The DC’s Warehouse Management System is Astro, supplied by Consafe Logistics. It is the global WMS for IKEA, installed at 39 IKEA distribution sites worldwide. In this case the servers are remote, in New Jersey.
As with any DC set-up operation, there are bound to be hurdles.
According to Mark Guarino, expansion support manager with IKEA Distribution Services North America in New Jersey, who was intimately involved with making the Mississauga DC operational, the “primary challenges were based on our own, self-imposed tight timeline.”
The biggest challenge—given the DC received the green light in in early May of 2015 and the ﬁrst receipt at the dock doors was early October that same year—was ﬁnding the right staff.
The short timeline meant, “we were lucky enough to get some experienced IKEA co-workers in most of the key roles, but the stores that they were working at were in the middle of the busiest season of the year for IKEA: the release of a new catalogue,” Guarino recalls. “However, we were successful in sending many of them to Brossard for intensive training, and we had people from Brossard and elsewhere in our network on-site to help get things started.”
Now that the DC has been up and running for more than nine months, it appears IKEA has created a healthy operation.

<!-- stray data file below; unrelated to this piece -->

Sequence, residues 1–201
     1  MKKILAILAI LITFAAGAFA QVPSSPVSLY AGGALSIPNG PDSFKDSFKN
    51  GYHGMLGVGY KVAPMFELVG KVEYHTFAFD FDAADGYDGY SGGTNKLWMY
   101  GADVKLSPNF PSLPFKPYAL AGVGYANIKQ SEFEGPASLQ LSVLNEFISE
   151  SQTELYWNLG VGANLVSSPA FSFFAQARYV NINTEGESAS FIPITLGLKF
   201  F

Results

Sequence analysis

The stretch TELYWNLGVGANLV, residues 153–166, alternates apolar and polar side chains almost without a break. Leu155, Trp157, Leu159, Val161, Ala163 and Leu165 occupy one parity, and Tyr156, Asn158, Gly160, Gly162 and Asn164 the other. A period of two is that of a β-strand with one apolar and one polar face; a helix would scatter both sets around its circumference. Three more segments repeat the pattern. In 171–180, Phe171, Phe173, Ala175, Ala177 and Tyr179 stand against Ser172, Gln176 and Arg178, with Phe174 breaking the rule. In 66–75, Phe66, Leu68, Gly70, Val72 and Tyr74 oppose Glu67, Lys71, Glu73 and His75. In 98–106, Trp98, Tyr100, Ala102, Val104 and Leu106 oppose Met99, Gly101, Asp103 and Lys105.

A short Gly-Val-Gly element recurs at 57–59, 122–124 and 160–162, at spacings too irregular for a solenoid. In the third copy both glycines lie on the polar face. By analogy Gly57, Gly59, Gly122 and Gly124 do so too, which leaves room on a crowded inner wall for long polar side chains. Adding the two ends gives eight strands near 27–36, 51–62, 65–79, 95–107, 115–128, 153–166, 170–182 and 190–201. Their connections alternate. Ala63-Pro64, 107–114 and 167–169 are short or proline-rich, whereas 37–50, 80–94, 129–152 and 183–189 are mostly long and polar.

Volumes are steadily increasing as the stores transition their home delivery business to be fulﬁlled from Mississauga. And, Guarino notes, order quality and accuracy goals are being met.
“It’s going very well,” he says. “The team has established a well-running operation. There’s an incredible positive attitude and spirit of cooperation in this facility. The IKEA spirit is alive and well in Mississauga.”
Sidebar: The IKEA pallet
In its drive for sustainable operations, IKEA pursues numerous initiatives in stores and distribution facilities alike.
It was the first Canadian retailer to phase out plastic bags, it owns wind farms and solar power installations, and has a closed loop for paper products, sourcing only post-consumer recycled toilet paper and paper towel for use in its facilities from cardboard and paper recaptured in its own facilities—including the paper pallets.
In 2008, IKEA made a commitment to phase out wooden pallets across its global distribution network, with the objectives of decreasing costs increasing the sustainability of its operations.
Step one was addressing the flow of goods between IKEA suppliers and IKEA units. This change impacted all functions within the company’s supply chain as well as all stores and suppliers in Europe.
Between 2009 and 2012 the company sourced paper pallets and a system that manages the paper pallets in trucks and on racking, and adapted its retail locations. By 2012 wooden pallets had been phased out for 1,000 suppliers in 51 countries. In 2013 pallets were eliminated from the DC to store product flow.
The paper pallets allow for more dense loading on trucks as well as reducing weight. Paper pallets are recyclable, designed to fit IKEA products and are optimized to fit trucks and containers so that the need to ship bulky wooden pallets back and forth is eliminated. They also eliminate concerns about insect pests being spread through the use of untreated wood pallets.
So far, IKEA estimates that globally, more than 50,000 fewer trucks a year will be on the road, resulting in lower carbon emissions. Switching from wood to paper pallets has reduced the footprint of transporting IKEA products by 75,000 tonnes of CO2 per year.